Thursday November 23rd 2017

“Circle Mirror Transformation”

  Anyone who has taken what might be called a “creative acting class” will tell you that Annie Baker’s play, “Circle Mirror Transformation” now in the  Studio ( aka Richard Christiansen Theatre) at Victory Gardens, pretty much sums it up. These classes seldom really get to doing scenes or even scripts of any kind. They are “creative” and they are designed to teach aspiring actors to learn to listen and retain information; to trust the other acors they are working withand to have faith that each will do what is expected of them. In this production  directed by Dexter Bullard, we meet 5 characters- the teacher of this class Marty ( a strong performance by Carmen Roman), her husband, a sort of ex-hippie ( deftly handled by Joe Lauck), a carpenter, just coming off a lousy divorce, in hpes of meeting women ( Steve Key handles this role with just the right emotion and touch, we do feel for him) , a former actress from New York ( a dynamic character played to perfection by Lori Myers) and a high school student who wants to be an actress ( Rae Gray who has matured into a solid actress, but needs to work on her projection), all  involved in a 6 week course in a community course in acting.

As the play begins we are in the class with each of our cast members on the floor in near darkness, counting! There are many of these scenes between others as this is how they learn to have trust in other actors. Many of  the scenes in this one hour fifty minute ( no intermission) play deal with each of the members of the class and their teacher and why they are here, what they are looking for in life and almost reminds one of those snapshots we are given in ” A Chorus Line”, but less complete. I thought that  Baker might have done some paring down on the entire play reducing the number of “counting scenes” and perhaps a little quicker pace. I understand the idea of building the story as many audience members will probably have never taken a class anything like this, but it can be real without repeating some of the same exercises over and over.

The romance that almost blossoms between the flirty actress who broke up with her domineering boyfriend and came  to this little town in Vermont and the weak, shy carpenter- the romance between the teacher and her husband and what is taking place in their lives and the teenage girl who appears to be running away from life as it is at home. There are many little stories with lots of words that are “unsaid” but rather assumed due to the slow and steady pace of the scenes flowing one day at a time over the six weeks. I like the idea of pacing it it, but 90 minutes would have been more to the liking of many of the audience members tonight.  A writer must understand that if you lose your audience in the early moments and scenes, they will be “lost” for the rest of the play and with no intermission ( which I truly feel is the way to tell this story), they have no time to get caught up on it by their friends.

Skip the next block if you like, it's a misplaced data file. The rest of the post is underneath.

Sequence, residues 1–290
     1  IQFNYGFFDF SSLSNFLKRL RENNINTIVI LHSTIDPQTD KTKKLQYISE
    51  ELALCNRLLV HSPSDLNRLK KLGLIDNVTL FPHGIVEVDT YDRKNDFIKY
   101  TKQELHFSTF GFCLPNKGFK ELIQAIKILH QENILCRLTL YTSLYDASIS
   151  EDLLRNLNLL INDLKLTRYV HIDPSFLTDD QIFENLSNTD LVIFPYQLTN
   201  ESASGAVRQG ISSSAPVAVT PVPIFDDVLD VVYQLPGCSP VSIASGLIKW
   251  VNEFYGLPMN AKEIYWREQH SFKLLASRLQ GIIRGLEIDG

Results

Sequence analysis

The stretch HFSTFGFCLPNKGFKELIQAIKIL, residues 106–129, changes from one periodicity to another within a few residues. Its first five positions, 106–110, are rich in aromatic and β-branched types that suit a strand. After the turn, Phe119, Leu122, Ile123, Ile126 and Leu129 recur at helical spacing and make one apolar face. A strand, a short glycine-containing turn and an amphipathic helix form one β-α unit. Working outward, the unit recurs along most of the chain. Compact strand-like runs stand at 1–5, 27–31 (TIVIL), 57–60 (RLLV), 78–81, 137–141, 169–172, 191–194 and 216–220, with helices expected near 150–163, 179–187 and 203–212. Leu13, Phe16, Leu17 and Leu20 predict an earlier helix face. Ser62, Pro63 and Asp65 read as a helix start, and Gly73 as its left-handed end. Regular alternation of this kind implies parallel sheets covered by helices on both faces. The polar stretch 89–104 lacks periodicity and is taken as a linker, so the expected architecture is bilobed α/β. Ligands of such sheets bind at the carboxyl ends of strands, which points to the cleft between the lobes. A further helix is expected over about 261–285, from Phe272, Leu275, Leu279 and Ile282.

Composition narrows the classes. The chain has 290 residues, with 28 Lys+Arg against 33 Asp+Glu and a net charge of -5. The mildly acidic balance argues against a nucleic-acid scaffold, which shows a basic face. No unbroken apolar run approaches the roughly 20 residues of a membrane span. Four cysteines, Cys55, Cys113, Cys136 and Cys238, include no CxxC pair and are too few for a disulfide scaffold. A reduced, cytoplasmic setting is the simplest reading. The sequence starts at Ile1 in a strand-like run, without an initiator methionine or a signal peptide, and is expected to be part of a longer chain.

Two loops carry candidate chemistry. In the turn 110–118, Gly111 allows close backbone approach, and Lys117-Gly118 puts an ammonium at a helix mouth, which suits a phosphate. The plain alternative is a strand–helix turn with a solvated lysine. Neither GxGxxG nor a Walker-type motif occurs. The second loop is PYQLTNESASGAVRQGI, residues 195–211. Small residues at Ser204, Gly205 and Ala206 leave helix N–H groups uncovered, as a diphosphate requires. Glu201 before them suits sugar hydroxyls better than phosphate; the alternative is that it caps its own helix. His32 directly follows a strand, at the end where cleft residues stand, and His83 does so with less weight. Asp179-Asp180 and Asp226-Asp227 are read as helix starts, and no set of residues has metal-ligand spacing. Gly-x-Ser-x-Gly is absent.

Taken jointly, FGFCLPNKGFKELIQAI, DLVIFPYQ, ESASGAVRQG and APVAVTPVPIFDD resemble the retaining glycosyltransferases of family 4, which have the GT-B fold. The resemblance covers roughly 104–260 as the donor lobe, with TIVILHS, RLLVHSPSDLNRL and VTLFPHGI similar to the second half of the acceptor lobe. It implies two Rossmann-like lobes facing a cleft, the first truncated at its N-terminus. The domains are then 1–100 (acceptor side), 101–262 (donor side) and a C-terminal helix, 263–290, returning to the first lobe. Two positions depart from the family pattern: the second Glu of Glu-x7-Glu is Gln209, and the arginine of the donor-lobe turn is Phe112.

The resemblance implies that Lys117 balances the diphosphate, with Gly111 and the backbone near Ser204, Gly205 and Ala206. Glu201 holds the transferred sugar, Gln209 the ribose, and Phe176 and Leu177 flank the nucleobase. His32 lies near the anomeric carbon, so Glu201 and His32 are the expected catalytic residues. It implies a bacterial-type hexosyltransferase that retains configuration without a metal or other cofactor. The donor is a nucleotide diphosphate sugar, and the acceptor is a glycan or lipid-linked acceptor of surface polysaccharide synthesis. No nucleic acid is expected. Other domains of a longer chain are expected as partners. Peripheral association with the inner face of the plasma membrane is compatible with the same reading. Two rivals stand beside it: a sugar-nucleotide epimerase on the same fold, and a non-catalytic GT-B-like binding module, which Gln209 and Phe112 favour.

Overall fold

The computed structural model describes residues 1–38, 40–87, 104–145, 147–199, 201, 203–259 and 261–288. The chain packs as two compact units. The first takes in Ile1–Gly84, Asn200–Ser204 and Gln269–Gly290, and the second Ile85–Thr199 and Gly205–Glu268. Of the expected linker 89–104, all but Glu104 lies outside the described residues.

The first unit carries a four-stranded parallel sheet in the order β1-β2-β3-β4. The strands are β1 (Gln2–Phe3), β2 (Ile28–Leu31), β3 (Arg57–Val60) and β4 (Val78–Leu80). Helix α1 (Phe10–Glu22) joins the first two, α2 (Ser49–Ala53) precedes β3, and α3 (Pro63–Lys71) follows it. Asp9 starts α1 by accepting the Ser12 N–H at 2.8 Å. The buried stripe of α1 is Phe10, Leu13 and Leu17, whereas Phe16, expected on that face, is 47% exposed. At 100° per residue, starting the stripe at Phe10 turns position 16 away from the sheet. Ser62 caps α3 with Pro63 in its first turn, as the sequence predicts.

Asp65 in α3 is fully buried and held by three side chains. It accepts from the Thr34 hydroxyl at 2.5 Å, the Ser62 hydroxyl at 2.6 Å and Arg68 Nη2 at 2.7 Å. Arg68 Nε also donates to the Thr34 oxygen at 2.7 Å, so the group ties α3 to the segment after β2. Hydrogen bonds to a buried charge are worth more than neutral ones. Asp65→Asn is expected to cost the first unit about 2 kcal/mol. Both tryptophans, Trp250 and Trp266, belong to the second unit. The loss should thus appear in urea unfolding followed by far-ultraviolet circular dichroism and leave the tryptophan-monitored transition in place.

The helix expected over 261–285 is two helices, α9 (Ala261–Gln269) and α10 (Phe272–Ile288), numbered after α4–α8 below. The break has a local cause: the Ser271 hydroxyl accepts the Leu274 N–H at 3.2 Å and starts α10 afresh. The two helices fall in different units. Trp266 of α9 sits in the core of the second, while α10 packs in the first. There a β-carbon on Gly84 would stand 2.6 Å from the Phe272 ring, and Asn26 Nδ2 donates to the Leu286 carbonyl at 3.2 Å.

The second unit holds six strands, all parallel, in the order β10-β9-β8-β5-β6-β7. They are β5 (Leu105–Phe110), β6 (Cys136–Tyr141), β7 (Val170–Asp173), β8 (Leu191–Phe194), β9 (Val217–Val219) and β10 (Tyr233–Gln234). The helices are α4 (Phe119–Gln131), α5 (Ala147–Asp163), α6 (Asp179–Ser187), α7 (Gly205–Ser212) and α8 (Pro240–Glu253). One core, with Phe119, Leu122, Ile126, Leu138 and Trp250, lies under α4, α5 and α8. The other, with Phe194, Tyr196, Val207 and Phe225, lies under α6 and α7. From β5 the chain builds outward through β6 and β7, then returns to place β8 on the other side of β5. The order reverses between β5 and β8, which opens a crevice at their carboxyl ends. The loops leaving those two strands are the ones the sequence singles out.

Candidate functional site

The story is one of beautiful ideas and thoughts and the ending is rather dramatic for all the characters.There are many funny moments in this story, in particular, and in fact the one that probably got the largest laugh is when Lauren asks the question ( about half-way through the course,”Are we ever going to learn to act”?- they never really do a script, but they do learn about people, relationships, trust and their own inner selves, which can only make them better people and of course better actors. They say acting is believing and this they learn.

The studio, a much more intimate setting than the main stage at Victory Gardens, doesn’t allow for a massive set, but Grant Sabin’s workroom whit a mirrored wall and the props which he did as well truly give you the feeling of a room that works for this type of class. The detail of the other side of the entry door ( hall and bathrooms )is very real. Jesse Klug’s lighting has just the right moods for the darker scenes and Tif Bullard’s costumes work and give us a little insight into some of what makes our characters who they are. These are ordinary people, nothing special or different than perhaps your next door neighbor. They all have a personal reason for taking this course and a the play and story evolves, we see these reasons altered; by time and events. I believe the title’s true meaning is that we do change from what we were to what we are day by day and that if we open our eyes and our ears, the transformation will come. This is my thought. See the show for yourself and get back to me on your feelings.                                                                                                                                                                                               

“Circle Mirror Transformation” will continue at Victory Gardens “Studio” through April 20th with performances as follows:

Tuesday through Friday evenings at 7:30 p.m.,Saturday at 4 p.m. and 7:30 p.m. and Sunday at 3 p.m.- On Wednesday,March 23rd and April 6th, instead of 7:30 performances, there will be matinees at 2 p.m.

Tickets range from $20-$50 and are available at the box office ( the theater is located at 2433 N. Lincoln Avenue ( just north of Fullerton with easy access by public transportation), by phone at 773-871-3000, online at www.victorygardens.org or by e-mail at tickets@victorygardens.org

Student, senior  and rush tickets are offered ( subject to availability) check with the box office or website for more info.

$11 valet parking is available and discount parking is available at  Children’s Memorial Hospital parking lot just one block south on Lincoln Ave.

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